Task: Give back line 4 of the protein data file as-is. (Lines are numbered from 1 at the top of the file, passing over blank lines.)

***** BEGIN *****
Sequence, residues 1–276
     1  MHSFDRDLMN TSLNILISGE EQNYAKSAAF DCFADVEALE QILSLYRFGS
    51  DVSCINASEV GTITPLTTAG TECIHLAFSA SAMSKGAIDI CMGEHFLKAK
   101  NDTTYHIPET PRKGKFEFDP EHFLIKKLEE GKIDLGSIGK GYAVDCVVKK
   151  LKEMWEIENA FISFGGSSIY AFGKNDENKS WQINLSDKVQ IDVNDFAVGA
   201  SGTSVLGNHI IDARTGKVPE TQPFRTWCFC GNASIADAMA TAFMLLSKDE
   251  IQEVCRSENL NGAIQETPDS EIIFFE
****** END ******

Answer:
   101  NDTTYHIPET PRKGKFEFDP EHFLIKKLEE GKIDLGSIGK GYAVDCVVKK